Well this is pretty exciting news ...
My podcast, Tails From The Dog House: Separation Anxiety Explained, has been named in the Top 20 for anxiety podcasts in the UK by Best Startup.
The podcast features myself and two other separation anxiety specialists, one in the UK and one in the US, and we delve into the ins and outs of having a dog with separation anxiety and how to address it.
We are only very young and haven't reached 50 episodes yet so this is a big win for us.
You can read the article HERE!
Why it's so important to teach your dog to come when called
Ever been out with your off-lead dog and it alerts to something? Maybe another dog, a person, a child, a kangaroo or bird.
Ever thought ... eeeep ... this is going to go pear-shaped? Knowing that your dog is going to take off after the object of interest and completely ignore all your calls for its return?
Does it get your heart pounding when they do this? Maybe they narrowly miss getting hit by a car or perhaps they are headed straight for a dog fight. Nothing gets the adrenaline going more, that's for sure.
So why doesn't your dog listen to you?
There are a few factors at play here but first and foremost is Relationship. When training, it is one of the most essential elements you can achieve with your dog. Without that, your dog believes everything else is more important / interesting than you.
Where do we start? We start by building Engagement with you to help develop that relationship and ensure you are the most important thing in their life. Much more important than the jogger, bird, skippy, cyclist etc
A dog that won't recall is a dangerous dog, either to itself or to something else. A solid recall could save its life.
I believe it is THE most important obedience exercise you can teach them.
But like all training it takes time. It takes Consistency. It takes Clarity and it takes clear Communication - The 3Cs.
If your dog doesn't recall reliably, it is an accident waiting to happen and you have 2 options - Management (dog remains on lead whenever you are out) or Training.
Which one will you choose?
How emotions affect behaviour ...
Just as dogs have evolved from wolves, so to has our training regimens undergone an evolution over the years. What was once an expectation that the dog will obey, usually via the use of what some call “yank and crank”, has emerged into a much more beautiful picture of a willing partnership between man and beast.
Even more encouraging is the way in which we view our training partners – not as mindless, soulless creatures, but as emotional sentient beings who feel pain, have moods and fears and likes and desires. They are more like us than many would give them credit for. And just like us their behaviour reflects their emotions.
And, it must be said, that emotions are essential to our survival. They keep us alive. For example, without fear how would we know to run from the attacking lion?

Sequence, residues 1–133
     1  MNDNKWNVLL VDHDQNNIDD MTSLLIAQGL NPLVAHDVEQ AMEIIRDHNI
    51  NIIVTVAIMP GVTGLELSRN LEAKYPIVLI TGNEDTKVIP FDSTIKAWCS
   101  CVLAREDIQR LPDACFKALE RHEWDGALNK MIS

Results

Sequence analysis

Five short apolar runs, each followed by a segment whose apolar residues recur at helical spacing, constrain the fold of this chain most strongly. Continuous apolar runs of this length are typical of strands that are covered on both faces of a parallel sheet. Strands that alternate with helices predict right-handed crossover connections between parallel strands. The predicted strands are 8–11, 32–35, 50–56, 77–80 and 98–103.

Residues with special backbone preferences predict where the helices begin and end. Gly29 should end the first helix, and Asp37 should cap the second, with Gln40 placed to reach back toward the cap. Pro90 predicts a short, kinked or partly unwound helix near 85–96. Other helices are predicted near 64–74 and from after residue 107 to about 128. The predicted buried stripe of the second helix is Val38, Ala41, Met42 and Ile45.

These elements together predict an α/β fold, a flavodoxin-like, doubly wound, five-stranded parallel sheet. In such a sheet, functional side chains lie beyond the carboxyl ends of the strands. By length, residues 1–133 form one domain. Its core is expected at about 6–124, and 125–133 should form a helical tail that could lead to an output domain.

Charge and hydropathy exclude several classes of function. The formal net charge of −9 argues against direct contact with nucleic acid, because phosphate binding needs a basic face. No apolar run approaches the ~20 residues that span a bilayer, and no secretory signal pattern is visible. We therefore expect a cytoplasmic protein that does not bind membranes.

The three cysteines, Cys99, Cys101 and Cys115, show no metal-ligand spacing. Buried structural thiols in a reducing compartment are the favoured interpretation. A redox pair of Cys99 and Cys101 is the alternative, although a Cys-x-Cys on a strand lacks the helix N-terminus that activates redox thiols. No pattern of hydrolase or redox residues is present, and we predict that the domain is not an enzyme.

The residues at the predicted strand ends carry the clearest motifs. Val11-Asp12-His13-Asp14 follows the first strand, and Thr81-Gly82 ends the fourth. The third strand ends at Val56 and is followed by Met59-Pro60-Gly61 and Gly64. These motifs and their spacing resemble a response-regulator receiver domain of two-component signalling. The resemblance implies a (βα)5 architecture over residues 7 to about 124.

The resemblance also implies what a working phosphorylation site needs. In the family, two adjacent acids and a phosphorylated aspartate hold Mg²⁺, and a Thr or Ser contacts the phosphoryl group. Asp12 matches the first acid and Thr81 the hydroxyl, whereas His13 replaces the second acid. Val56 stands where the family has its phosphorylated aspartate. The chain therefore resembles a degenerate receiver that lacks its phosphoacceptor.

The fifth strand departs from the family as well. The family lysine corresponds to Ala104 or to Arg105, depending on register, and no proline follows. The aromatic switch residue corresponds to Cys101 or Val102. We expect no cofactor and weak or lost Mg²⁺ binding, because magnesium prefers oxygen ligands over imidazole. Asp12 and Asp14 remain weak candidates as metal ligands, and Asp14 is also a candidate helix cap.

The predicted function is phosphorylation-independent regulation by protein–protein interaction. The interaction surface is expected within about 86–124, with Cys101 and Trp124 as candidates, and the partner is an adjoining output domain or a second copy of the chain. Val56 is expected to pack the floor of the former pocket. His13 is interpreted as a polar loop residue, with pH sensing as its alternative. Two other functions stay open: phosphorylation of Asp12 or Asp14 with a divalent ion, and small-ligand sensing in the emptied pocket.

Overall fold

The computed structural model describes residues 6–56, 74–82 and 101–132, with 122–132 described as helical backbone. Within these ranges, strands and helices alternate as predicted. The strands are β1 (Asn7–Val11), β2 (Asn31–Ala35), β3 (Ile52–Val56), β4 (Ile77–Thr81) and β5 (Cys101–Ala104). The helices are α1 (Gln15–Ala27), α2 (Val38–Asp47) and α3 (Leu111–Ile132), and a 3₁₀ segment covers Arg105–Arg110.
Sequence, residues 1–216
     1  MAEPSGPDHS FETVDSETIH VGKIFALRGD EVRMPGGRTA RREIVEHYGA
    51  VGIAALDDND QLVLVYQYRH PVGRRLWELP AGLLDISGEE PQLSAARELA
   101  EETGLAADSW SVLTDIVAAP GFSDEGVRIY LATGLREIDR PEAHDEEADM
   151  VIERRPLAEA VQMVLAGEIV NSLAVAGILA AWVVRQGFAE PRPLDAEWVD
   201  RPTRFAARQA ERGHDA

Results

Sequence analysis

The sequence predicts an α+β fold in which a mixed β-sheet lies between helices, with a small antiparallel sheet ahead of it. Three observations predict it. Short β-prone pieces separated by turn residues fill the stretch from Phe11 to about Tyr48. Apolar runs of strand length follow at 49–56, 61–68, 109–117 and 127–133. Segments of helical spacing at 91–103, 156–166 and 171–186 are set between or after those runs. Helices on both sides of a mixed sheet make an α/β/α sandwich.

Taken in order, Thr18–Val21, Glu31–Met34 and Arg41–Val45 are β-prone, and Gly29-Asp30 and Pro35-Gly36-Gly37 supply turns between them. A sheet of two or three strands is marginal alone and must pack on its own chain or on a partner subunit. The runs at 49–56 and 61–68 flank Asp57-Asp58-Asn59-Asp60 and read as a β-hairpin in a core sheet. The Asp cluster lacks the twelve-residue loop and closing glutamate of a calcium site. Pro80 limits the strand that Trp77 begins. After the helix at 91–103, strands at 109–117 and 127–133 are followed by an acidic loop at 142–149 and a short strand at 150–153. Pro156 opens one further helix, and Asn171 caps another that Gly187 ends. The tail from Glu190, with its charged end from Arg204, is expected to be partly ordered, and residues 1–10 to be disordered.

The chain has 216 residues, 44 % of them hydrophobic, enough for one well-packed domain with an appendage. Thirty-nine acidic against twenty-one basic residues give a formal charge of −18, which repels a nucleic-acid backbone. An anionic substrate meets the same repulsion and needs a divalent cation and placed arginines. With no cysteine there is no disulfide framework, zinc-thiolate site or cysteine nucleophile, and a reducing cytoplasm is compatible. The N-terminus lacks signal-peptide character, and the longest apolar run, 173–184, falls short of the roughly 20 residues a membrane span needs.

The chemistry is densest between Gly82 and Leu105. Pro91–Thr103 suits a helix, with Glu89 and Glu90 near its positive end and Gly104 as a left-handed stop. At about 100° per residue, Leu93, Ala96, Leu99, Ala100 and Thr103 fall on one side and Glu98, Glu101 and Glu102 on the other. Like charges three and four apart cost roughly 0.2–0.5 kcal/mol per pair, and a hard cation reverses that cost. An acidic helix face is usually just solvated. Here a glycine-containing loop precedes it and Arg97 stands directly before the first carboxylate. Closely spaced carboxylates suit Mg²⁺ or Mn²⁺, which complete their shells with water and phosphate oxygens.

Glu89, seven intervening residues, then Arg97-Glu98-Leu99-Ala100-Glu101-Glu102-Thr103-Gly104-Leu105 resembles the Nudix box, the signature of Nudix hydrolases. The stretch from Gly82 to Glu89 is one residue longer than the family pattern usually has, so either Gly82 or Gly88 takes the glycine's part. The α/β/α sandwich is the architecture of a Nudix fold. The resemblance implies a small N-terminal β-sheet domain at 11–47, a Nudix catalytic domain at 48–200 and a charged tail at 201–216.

Loneliness drives us to seek out social interaction. Curiosity helps us problem solve and ensures we learn as we progress through life – for good or for bad!
A child who throws a tantrum in a supermarket because mum won’t buy him a sweet is displaying a behaviour but the emotion behind that behaviour is what is actually driving it. That emotion is likely Rage (as detailed by Estonian-American neuroscientist and psychobiologist Jaak Panksepp’s Seven Core Emotions,2004[i]).
If a dog is reacting aggressively towards another dog, in most cases the emotion behind the behaviour (barking and lunging at the end of the lead, for example) is likely Fear. (Note: this is not always the case and can also sometimes be attributed to Rage).
It is clear in both these examples that it is the emotion driving the behaviour and, as such, a trainer must address the Reason, and not just the Reaction. Just to be clear, yes, the reaction must be tackled but a holistic trainer, must be mindful that if the Reason is not acknowledged, it is the same as taking a pill for the headache. The cause is not addressed.
Emotion plays an enormous role in behaviour and it is hoped more trainers will come to understand this and not look for the ‘quick fixes’ of the past. It’s easy to strap on a bark collar to stop a dog barking when left alone but what does it actually achieve accept pain and fear? When we are really frightened learning becomes impossible, and the outcome is a dog that shuts down and can’t think. The behaviour is stopped, yes, but what learning has occurred?
The flipside is that dopamine is associated with focus and quick learning and interestingly, here the role of the gut can come into play: “Surprisingly, the health of your intestinal flora impacts your production of neurotransmitters. An overabundance of bad bacteria leaves toxic byproducts called lipopolysaccharides which destroy the brain cells that make dopamine.” [ii]
Other factors that will play a role in a healthier mindset (by boosting dopamine levels) include ensuring the dog is receiving enough exercise, providing an appropriate raw food diet, ensuring the dog is a healthy weight and addressing any obesity issues, using massage and T-Touch, playing soothing music, and supplementing the diet with anti-inflammatory organic curcumin in the form of Golden Paste.
[i] Panksepp, Jaak, 2004, Affective Neuroscience: The Foundations of Human and Animal Emotions
[ii] Alban, Deanne, 2016, How to Increase Dopamine Naturally, Be Braiin Fit, Better Mind, Better Life